On Ella and Char's first official state visit to Ayortha after King Jerrold's death and King Char's crowning, I didn't expect to see them for more than a brief night's stopover. What would keep them in Amonta, after all, when the politics happen in the capital?
Ella had written me a kind letter informing me of their travels and expressing her hope that she'd be able to spend time with me, but given how hurriedly the short letter was obviously written I didn't really believe her. There'd be time enough for more visiting once their reign was a little longer established.
I had hardly seen Ella since her wedding, several years back. No matter how much we cared about each other, I was busy helping with the inn and she was busy doing politics. It's a long journey between our homes, one that neither of us could often afford to take time for, though we tried our best. I loved receiving her letters, but I missed her nonetheless.
So imagine my surprise when the royal carriage and associated entourage pulled up at my family's inn with an announcement that they were staying for two nights!
Ella, always irrepressible, sprang lightly from her carriage as soon as the door was opened. Char followed, in a more consciously stately manner but still with a smile on his face.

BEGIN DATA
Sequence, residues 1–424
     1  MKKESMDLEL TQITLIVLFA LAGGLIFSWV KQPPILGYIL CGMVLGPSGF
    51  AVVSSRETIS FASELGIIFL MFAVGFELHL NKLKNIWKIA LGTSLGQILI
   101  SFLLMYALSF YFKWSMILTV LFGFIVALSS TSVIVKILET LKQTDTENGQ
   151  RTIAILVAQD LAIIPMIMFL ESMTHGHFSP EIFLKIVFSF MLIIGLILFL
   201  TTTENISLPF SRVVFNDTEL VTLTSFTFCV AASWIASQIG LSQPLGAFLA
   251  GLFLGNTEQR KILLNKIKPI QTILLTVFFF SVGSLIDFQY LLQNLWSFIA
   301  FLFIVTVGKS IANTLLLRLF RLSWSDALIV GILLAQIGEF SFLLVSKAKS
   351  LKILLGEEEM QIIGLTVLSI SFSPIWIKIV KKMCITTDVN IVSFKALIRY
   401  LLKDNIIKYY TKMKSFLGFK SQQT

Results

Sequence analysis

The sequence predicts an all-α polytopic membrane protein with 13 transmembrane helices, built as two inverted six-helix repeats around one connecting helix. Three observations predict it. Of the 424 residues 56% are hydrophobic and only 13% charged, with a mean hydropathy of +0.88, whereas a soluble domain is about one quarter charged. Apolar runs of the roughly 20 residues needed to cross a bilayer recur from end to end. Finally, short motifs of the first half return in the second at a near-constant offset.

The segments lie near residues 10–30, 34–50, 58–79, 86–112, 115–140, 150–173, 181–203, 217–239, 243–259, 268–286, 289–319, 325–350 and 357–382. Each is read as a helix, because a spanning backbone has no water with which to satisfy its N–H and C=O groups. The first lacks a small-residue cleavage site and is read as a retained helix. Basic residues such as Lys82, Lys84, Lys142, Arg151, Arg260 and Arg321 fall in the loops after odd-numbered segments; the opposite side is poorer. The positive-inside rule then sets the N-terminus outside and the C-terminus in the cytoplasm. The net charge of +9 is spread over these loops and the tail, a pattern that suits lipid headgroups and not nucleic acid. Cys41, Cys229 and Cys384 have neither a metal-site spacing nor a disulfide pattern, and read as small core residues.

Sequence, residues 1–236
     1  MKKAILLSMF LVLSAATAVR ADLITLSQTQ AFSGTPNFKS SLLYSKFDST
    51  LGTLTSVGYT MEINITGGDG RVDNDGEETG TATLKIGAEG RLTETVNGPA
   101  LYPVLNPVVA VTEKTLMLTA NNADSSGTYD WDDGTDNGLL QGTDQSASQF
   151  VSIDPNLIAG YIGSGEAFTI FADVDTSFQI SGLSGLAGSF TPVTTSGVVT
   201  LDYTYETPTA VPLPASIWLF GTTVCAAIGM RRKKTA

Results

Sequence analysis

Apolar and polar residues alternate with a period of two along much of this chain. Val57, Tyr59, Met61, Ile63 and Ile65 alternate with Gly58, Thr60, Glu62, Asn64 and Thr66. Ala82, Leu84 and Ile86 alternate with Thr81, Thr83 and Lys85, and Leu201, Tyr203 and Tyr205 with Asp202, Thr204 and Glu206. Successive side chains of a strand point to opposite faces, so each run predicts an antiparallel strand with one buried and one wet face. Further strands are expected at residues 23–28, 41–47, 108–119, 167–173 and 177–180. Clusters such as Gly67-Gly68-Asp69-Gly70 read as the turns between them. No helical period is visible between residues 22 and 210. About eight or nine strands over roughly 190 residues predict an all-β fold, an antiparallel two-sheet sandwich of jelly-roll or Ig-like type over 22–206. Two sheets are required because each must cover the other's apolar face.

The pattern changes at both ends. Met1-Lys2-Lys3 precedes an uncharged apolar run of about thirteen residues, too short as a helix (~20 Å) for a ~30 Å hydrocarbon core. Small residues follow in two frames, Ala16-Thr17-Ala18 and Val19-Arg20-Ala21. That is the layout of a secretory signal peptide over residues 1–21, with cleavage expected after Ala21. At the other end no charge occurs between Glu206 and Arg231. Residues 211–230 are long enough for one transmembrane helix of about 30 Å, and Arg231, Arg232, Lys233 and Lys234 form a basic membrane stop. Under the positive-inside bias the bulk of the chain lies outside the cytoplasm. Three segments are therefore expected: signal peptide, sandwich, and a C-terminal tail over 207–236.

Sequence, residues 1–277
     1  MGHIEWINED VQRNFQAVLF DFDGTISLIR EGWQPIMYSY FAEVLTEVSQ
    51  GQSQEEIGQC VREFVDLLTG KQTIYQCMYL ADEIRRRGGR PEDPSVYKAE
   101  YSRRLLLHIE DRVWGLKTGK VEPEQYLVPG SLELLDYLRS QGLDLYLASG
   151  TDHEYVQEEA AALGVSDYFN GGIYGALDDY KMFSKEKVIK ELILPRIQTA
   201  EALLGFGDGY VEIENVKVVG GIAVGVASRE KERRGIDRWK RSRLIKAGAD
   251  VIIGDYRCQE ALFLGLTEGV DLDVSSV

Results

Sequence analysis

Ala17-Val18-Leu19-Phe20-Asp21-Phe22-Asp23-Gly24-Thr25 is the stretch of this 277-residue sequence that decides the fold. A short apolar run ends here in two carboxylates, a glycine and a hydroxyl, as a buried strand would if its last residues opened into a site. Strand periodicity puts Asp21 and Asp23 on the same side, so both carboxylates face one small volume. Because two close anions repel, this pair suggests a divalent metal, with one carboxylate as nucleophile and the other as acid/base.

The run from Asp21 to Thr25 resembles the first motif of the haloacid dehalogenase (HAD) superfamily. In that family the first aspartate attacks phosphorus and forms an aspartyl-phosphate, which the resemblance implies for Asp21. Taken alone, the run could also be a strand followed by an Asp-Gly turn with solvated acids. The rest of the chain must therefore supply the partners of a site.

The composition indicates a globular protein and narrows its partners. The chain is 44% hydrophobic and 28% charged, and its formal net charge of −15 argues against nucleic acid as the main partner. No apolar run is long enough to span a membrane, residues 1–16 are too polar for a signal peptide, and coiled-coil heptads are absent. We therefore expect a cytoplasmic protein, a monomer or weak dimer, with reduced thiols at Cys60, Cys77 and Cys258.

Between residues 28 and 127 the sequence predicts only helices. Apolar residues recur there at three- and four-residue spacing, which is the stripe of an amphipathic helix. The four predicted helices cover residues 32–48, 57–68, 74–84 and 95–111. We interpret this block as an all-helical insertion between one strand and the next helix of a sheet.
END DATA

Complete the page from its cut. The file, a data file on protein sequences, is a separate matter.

My parents and I bowed. But as soon as I had straightened, Ella swept me into a hug. I grinned and hugged her back, delighted to see her again.
"Thank you for your hospitality," Char was saying to my parents, who were blushingly disclaiming it being any bother. Ella laughed quietly in my ear.
That evening after dinner, when I went as usual to help with the washing-up, my aunt barred me from the kitchen and told me to go spend time with Ella and Char instead. "It's good to cultivate connections to royalty!" she said, in a tone that left no space for argument.
Since all I really wanted to do was spend time with them, I had no arguments to make. I left.
They were still in the dining room, Ella smilingly saying no to Char – I arrived too late to have heard what she was refuting.
They both turned when they heard me walk in. "Oh, Areida!" Char said. "You're just in time. I was suggesting to Ella that we should go on a walk to the waterfall I'm told is upriver, and she doesn't think it would be worth the time. You've been there, I'm sure. What do you think?"
It was in fact my favourite place to visit when I had the time, but reflexively I answered as I would to any guest at the inn: "The waterfall is one of many locations of natural beauty Amonta has to offer. But it's surprisingly easy to get lost along the way, since you can't just walk along the river gorge. Our inn is happy to offer a guiding service...." My last words trailed off as I remembered who I was talking to.
Ella gave me a knowing look. "You've clearly grown comfortable working here," she said. "So did it help, going to finishing school?"
"Oh, not really." I pulled out a chair and sat down to join them. "Mother used the inn as an excuse to Father and Auntie that it would be worth spending the money, but –" I flicked a glance between Ella and Char "– really they all hoped I could catch a noble husband with my new graces."